• What to convert to digital. For Q2 (April through June), evaluate what can and should be shifted to a digital format, and what can be postponed until Q3 or beyond. Educational or product-focused events—as well as keynotes and interviews—adapt well virtually. Anything else could probably be pushed out. Think in terms of what your customer and audiences could benefit from now.
  • Consider consolidation of similar content. Create fewer events and invite bigger, broader audiences.
  • Identify what success looks like. Conversion of an in-person event to a digital format (even on the same topic) will have vastly different benchmarks of success. As you evaluate what to cancel and what to convert, think about what success would look like—attendance numbers, how long attendees stayed, social media shares, content downloads, and so on—and whether the success goals are achievable for this particular event in a virtual environment.

3. Take inventory. Determine technology resources, workstreams, and team skill sets.

  • Consider event platforms. If you need a third-party events platform, do your research on what other companies your size are using. Once you have a list put together, build out a matrix of features such as analytics, bandwidth charges, customer support, embedding capabilities, and social media integration.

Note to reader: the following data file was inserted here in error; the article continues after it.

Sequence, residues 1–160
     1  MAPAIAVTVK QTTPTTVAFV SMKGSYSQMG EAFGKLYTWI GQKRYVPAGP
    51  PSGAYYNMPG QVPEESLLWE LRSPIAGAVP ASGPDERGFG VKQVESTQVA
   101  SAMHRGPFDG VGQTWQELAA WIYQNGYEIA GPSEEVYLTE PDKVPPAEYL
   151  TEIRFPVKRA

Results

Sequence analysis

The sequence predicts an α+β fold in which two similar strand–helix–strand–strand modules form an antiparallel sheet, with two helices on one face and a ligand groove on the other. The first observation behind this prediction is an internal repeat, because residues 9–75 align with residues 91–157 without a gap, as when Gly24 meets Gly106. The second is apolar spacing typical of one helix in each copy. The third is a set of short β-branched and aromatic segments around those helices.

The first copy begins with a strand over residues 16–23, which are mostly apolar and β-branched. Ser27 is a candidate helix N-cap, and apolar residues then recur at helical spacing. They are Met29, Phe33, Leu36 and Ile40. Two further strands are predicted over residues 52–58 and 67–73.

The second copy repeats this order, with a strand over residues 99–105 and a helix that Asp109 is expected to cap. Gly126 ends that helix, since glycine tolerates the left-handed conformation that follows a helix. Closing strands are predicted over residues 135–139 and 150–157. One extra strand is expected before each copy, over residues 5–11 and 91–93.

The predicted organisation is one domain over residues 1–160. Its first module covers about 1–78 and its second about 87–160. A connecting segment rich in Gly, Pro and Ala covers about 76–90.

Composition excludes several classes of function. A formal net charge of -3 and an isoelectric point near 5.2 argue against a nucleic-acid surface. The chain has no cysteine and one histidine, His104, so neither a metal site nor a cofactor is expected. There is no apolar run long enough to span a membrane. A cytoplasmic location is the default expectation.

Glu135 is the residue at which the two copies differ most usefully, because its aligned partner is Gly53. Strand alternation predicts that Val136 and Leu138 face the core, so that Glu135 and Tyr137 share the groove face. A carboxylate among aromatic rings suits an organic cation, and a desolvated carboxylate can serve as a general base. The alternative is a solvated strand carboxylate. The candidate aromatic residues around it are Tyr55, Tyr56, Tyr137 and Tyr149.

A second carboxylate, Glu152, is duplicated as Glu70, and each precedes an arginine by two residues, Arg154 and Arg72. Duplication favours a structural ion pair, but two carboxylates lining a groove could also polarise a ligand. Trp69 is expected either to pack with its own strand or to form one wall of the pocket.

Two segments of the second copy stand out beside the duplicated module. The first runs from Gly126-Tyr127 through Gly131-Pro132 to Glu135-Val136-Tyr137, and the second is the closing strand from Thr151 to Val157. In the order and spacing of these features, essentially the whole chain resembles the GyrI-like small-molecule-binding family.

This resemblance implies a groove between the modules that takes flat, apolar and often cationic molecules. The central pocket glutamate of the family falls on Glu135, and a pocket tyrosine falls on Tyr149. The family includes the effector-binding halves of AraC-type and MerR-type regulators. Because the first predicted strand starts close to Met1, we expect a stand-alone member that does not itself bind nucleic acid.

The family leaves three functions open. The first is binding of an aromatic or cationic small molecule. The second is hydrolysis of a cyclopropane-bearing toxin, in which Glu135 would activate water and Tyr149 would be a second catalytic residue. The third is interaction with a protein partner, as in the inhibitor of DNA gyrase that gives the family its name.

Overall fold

• Evaluate workstreams. Do you have access to a studio, video team, and professional production team? Or maybe you have a studio, but need to hire professionals to help with recording and production. When considering formats, evaluate which tools and teams you have and which you’ll need, as these could add time and cost.

4. Create a solid virtual experience. Before you craft one single piece of content, strive to understand your audience, their pain points, and what they will gain by attending your event. Make sure that you’re bringing them a unique and valuable experience, one they can’t get anywhere else.

  • When it comes to content, think like an audience member. How can you help them in their business? What do you have to offer that’s unique? For big-picture topics, one strategy might be to create either very short, prerecorded video content or a TED Talk-style presentation of 15 minutes or less that’s engaging and inspirational. For educational topics, break them out into smaller pieces, perhaps more of a video on demand, where the content is prerecorded and can be consumed as needed.